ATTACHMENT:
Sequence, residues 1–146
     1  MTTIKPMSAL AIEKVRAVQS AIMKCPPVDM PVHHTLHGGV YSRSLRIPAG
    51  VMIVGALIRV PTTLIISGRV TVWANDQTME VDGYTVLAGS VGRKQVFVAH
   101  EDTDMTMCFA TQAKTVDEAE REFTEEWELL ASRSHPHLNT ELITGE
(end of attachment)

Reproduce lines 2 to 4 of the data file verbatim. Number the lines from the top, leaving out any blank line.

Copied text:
     1  MTTIKPMSAL AIEKVRAVQS AIMKCPPVDM PVHHTLHGGV YSRSLRIPAG
    51  VMIVGALIRV PTTLIISGRV TVWANDQTME VDGYTVLAGS VGRKQVFVAH
   101  EDTDMTMCFA TQAKTVDEAE REFTEEWELL ASRSHPHLNT ELITGE